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Whole genome sequencing promises improved autism genetics research

15 July 2013
Appeared in BioNews 713

Whole genome sequencing suggests that around half of all people with autism may be carriers of genes already associated with the condition.

Autism spectrum disorders (ASD) - a class of syndromes grouped by shared impairments in social communication - have so far eluded researchers' attempts at genetic characterisation, due in part to ASD's clinical diversity. Although family studies suggest a strong genetic dimension to ASD, prior studies only found genetic factors in 20 percent of patients, at most.

But early results (32 patients were included together with their families) from what researchers claim is the world's first large-scale autism study to sequence entire genomes, rather than just the regions that code for proteins, suggest that estimate is conservative.

Dr Steve Scherer, director of the Centre for Applied Genomics at The Hospital for Sick Children in Canada, told The Canadian Press: 'What we're saying is, based on this pilot study, if you take 100 new diagnoses of autism and we sequence in their genomes, in 50 percent [...] we would find a genetic variant that either explains their autism or some of the associated medical complications that come along with that'.

But Dr Scherer adds: 'We can't say we found in those individuals the cause of autism'.

Instead, this technique discovered both inherited and spontaneous mutations associated with ASD symptoms by comparing the genomes of ASD individuals to their parents'. To a burgeoning collection of over 100 known ASD risk genes, the researchers unearthed four new genes that appear related to ASD, and eight candidate genes. They corroborated a further ten genes put forward as candidates by other groups.

ASD is thought to arise biologically from variable combinations from a set of hundreds of risk genes, many of which most people with autism will not carry.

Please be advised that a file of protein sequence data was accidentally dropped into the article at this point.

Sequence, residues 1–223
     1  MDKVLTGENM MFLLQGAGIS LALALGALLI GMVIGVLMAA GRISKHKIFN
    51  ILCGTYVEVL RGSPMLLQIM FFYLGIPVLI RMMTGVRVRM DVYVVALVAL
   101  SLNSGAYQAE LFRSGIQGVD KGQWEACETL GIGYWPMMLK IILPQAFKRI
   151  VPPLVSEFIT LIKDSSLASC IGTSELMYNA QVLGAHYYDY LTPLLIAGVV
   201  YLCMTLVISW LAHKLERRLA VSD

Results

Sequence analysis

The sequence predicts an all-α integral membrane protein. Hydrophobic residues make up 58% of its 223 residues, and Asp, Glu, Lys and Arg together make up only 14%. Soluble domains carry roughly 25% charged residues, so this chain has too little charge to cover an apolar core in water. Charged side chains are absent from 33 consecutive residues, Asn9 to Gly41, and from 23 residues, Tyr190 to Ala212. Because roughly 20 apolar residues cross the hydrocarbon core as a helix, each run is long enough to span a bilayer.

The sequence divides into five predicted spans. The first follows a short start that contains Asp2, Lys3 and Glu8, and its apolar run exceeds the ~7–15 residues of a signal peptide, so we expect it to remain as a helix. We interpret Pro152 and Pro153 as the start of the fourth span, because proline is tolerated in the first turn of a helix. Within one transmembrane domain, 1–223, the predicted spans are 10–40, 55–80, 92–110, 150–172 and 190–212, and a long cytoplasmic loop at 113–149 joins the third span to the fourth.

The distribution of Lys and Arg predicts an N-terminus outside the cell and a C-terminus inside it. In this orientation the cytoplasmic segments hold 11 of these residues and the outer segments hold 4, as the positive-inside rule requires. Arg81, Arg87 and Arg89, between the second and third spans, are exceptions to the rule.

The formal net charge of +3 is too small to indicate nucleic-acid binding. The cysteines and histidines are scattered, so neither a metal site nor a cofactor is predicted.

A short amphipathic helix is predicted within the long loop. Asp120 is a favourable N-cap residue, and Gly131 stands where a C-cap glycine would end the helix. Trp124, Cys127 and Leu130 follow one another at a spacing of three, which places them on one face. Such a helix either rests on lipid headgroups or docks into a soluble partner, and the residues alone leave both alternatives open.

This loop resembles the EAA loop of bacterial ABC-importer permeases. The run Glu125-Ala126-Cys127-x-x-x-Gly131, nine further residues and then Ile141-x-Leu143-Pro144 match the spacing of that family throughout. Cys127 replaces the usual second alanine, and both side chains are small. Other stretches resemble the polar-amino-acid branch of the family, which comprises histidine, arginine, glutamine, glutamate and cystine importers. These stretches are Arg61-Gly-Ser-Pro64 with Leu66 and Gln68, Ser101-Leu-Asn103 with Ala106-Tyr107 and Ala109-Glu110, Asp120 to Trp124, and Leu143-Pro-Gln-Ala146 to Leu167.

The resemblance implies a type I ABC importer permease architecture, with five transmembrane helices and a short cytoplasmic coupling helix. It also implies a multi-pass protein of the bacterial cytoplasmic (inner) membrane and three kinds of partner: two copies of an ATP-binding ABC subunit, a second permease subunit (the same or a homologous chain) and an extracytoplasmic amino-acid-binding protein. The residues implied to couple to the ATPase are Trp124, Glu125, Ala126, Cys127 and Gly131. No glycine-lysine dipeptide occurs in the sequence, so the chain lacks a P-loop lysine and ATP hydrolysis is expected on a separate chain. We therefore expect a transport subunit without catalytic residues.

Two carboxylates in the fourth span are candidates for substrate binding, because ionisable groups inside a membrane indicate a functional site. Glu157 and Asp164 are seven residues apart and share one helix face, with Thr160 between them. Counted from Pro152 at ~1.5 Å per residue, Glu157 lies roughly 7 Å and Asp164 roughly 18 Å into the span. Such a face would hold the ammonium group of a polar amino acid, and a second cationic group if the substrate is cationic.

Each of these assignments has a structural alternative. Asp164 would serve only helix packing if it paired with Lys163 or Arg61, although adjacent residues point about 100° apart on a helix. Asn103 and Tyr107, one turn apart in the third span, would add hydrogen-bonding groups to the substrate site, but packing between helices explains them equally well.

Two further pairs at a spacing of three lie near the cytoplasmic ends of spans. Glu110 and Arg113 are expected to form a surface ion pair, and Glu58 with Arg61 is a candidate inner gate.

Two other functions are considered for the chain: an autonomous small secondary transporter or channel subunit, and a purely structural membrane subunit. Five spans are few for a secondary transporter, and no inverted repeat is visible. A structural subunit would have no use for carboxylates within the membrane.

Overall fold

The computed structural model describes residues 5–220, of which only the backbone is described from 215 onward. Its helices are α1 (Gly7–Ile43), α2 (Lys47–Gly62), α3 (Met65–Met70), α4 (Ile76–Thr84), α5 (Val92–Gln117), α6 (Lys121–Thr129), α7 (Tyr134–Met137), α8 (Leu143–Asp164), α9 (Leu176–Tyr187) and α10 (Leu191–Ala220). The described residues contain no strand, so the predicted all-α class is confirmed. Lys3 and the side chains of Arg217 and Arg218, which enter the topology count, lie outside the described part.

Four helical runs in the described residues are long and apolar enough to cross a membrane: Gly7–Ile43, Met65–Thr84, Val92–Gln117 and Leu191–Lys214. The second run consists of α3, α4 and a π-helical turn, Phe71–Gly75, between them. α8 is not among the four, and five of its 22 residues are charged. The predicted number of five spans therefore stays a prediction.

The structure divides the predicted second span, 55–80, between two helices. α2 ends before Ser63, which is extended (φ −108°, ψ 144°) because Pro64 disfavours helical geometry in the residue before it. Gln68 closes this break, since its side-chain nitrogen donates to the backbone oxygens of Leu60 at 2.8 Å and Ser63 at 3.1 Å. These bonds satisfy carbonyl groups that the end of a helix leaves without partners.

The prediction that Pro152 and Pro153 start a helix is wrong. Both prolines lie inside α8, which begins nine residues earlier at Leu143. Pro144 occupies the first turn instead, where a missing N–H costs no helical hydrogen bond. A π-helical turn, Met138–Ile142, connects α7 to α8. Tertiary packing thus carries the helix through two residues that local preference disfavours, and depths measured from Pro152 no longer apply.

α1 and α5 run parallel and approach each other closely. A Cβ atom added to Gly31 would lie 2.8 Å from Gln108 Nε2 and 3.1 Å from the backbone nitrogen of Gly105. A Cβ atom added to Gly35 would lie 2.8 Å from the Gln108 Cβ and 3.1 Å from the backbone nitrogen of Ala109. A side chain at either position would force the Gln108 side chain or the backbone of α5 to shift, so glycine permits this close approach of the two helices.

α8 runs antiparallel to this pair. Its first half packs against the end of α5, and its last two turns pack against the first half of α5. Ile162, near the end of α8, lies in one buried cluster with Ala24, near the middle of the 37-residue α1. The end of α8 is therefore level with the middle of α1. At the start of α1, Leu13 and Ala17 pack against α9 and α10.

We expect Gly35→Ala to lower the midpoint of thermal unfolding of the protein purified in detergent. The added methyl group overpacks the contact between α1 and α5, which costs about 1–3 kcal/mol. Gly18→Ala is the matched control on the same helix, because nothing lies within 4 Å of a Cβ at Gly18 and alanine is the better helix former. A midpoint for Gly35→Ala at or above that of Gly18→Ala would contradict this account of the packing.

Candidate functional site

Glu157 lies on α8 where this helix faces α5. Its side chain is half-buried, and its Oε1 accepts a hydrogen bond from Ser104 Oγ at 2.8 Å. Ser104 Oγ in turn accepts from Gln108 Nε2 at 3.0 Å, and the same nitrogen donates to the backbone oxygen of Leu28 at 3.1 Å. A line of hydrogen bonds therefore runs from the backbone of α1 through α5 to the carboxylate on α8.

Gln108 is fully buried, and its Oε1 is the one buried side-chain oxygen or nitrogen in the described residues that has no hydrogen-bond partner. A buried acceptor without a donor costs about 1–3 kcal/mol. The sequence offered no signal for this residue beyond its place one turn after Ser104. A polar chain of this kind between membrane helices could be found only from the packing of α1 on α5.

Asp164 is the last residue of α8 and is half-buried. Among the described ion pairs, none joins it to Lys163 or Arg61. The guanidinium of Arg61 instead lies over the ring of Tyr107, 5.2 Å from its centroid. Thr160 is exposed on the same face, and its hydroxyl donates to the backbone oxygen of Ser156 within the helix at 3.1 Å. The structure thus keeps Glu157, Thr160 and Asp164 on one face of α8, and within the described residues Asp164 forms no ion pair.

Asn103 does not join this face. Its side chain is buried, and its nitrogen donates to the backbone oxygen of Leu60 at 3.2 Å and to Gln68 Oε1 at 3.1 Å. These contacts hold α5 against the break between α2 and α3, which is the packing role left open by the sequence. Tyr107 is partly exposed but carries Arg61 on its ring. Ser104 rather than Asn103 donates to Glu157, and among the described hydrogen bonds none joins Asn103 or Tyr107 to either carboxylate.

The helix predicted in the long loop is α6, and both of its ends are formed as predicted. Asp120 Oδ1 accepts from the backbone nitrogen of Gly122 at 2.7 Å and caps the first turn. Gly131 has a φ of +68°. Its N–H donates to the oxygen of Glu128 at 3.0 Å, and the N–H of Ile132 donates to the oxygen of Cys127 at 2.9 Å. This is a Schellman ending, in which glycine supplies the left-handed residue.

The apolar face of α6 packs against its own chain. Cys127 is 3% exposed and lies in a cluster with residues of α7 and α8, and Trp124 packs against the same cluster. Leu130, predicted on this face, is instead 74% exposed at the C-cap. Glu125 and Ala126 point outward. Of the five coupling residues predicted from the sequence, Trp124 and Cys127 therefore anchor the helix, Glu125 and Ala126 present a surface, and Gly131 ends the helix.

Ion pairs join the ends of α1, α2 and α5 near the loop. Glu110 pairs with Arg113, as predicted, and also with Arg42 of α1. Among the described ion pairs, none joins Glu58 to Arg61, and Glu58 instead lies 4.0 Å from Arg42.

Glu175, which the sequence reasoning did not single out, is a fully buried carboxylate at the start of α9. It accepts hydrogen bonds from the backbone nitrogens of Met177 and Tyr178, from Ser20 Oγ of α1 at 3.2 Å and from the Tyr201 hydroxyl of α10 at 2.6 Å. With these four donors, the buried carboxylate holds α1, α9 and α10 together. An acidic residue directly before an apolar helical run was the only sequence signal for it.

The Hospital for Sick Children, BGI-Shenzhen in China and Duke University in the USA ran the study as the pilot of an initiative championed by ASD charity and advocacy group Autism Speaks to sequence the genomes of 10,000 individuals with, or related to someone with, ASD.

The researchers hope to use whole genome sequencing to uncover more genes and, in doing so, clarify the causes of ASD.

Dr Robert Ring, Autism Speaks' chief science officer and study co-author, commented: 'From diagnosis to treatment to prevention, whole genome sequencing efforts like these hold the potential to fundamentally transform the future of medical care for people with autism'.
SOURCES & REFERENCES
Autism Speaks collaborative releases first full genome sequencing for autism
EurekAlert! (press release) |  11 July 2013
Canadian-led team delves deep into genetic code of autistic individuals
Globe and Mail |  11 July 2013
Detection of Clinically Relevant Genetic Variants in Autism Spectrum Disorder by Whole-Genome Sequencing
The American Journal of Human Genetics |  11 July 2013
More genes linked to autism with advanced sequencing tool
CBC News |  11 July 2013
Researchers close in on better, faster ways to diagnose autism
Vancouver Sun |  11 July 2013
Tackling the Whole Autism Genome: Insights for Diagnosis and Care
Autism Speaks (press release) |  11 July 2013
Whole genome sequencing opens a new way for the diagnosis and medical therapy for autism
EurekAlert! (press release) |  11 July 2013
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